The WWE is currently running an angle where Triple H is playing the evil corporate leader in the company and is punishing anyone who steps in his way. Some fans have complained that this is done in the face of the WWE's "Be a Star" anti-bullying campaign. Wrestle Zone reported on Sept. 4 that both Triple H and Hall of Fame announcer Jim Ross have come to the defense of the storyline.
Jim Ross said that people who confuse real life bullying and how a TV wrestling villain acts are "embarrassingly misguided."
While that seemed slightly insulting, Triple H had a better analogy. The WWE COO mocked the fans by saying that he just learned Darth Vader is just a movie character. He said that all this time, he thought Darth Vader was a "big bully."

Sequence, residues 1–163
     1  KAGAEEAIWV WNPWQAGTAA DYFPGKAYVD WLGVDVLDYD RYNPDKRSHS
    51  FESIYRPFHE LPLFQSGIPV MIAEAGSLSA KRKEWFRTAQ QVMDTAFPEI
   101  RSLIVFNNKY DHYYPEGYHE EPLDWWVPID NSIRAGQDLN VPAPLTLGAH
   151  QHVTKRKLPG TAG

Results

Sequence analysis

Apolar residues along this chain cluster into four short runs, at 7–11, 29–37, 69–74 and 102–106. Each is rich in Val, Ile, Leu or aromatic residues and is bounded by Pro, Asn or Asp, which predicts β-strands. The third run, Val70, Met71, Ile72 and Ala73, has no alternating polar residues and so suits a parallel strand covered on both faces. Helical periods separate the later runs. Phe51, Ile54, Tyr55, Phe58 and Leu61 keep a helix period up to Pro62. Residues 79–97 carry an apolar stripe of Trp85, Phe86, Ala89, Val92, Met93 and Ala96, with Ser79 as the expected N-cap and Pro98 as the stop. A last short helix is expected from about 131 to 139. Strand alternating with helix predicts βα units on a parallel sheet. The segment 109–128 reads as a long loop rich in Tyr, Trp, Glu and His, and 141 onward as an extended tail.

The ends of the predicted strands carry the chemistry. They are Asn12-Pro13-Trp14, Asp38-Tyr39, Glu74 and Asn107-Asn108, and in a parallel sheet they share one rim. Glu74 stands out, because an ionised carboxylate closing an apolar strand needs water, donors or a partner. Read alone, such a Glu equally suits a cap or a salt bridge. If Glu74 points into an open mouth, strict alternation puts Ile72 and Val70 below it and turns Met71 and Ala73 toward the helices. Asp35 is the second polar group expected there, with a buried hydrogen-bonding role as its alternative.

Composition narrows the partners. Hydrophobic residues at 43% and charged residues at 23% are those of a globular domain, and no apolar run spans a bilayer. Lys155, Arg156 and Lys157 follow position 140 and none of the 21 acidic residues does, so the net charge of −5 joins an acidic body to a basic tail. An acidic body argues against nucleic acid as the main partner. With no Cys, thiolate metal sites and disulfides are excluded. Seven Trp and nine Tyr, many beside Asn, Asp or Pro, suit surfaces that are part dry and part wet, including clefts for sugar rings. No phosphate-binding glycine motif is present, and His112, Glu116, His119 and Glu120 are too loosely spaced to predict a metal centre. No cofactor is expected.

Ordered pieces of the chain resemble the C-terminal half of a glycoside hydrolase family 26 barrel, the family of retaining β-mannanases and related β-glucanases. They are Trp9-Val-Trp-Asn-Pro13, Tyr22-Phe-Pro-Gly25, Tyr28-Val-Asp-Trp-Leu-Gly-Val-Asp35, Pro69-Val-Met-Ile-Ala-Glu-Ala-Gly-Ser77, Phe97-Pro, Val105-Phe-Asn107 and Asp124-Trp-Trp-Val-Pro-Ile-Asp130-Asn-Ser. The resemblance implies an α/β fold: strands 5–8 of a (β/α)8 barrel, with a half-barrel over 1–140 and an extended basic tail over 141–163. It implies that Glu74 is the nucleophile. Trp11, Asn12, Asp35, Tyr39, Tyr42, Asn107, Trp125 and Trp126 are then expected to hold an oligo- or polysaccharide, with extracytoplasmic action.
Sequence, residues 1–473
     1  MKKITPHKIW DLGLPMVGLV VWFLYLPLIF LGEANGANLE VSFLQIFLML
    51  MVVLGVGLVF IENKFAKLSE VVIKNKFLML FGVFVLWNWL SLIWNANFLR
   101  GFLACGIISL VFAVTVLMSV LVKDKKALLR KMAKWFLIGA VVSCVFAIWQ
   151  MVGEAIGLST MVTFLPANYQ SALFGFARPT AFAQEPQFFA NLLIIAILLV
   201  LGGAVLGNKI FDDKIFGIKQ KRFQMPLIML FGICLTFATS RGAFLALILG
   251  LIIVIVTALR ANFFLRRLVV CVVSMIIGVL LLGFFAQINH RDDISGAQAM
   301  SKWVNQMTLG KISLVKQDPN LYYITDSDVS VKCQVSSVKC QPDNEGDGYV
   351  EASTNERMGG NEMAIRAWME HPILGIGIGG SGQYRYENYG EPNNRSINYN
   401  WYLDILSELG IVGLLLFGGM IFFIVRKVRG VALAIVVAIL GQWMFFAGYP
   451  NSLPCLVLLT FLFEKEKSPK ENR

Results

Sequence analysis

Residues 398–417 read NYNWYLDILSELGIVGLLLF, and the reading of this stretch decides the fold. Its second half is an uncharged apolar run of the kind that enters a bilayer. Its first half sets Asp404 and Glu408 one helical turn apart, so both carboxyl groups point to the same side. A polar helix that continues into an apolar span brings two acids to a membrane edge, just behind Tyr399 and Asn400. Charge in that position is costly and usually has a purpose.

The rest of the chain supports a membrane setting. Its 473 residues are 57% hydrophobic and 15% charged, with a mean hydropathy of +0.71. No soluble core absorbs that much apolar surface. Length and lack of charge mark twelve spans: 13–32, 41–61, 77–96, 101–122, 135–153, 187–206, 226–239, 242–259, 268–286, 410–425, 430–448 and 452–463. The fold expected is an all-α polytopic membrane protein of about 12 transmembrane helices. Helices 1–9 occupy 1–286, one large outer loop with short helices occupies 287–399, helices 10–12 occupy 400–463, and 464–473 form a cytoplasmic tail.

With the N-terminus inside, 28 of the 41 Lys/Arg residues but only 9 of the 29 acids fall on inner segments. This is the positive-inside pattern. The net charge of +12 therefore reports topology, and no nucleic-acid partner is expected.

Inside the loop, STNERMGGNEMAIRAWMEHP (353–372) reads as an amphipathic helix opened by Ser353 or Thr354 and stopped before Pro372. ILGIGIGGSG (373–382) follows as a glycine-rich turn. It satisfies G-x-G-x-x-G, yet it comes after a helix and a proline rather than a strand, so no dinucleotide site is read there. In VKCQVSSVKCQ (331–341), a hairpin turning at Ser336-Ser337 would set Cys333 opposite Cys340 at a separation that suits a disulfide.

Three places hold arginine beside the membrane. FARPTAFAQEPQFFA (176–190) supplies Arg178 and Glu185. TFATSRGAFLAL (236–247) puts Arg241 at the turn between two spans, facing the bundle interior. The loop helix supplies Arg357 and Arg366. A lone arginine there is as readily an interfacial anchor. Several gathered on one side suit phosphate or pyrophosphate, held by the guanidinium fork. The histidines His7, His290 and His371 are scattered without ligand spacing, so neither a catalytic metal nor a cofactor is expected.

This also falls in line with what Stephanie McMahon said last week in a Q&A with some fans. When asked about the "Be a Star" campaign and how the bullying in the WWE storylines might make that look bad, she asked how it was different than bullying displayed in movies and other television shows.
The fact of the matter is that the WWE is an entertainment television show, just like "Law and Order" and "NCIS." Both of those shows also have characters that might be deemed bullies, and in most cases those people are put in their place. As the WWE television shows are long running stories, the Triple H as a bully storyline is expected to end with those he bullied rising up against him.
This is entertainment television, and both Triple H and Jim Ross are right. If a person can't separate a TV show like "WWE Monday Night Raw" from real life, the problem doesn't belong to the WWE.